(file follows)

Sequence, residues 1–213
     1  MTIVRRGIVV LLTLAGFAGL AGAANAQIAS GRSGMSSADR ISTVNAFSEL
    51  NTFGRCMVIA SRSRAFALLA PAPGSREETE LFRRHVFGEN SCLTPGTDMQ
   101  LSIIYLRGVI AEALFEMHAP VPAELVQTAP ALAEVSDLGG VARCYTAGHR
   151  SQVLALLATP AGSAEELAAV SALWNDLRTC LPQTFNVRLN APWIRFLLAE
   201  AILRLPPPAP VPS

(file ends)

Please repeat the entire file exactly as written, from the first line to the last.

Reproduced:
Sequence, residues 1–213
     1  MTIVRRGIVV LLTLAGFAGL AGAANAQIAS GRSGMSSADR ISTVNAFSEL
    51  NTFGRCMVIA SRSRAFALLA PAPGSREETE LFRRHVFGEN SCLTPGTDMQ
   101  LSIIYLRGVI AEALFEMHAP VPAELVQTAP ALAEVSDLGG VARCYTAGHR
   151  SQVLALLATP AGSAEELAAV SALWNDLRTC LPQTFNVRLN APWIRFLLAE
   201  AILRLPPPAP VPS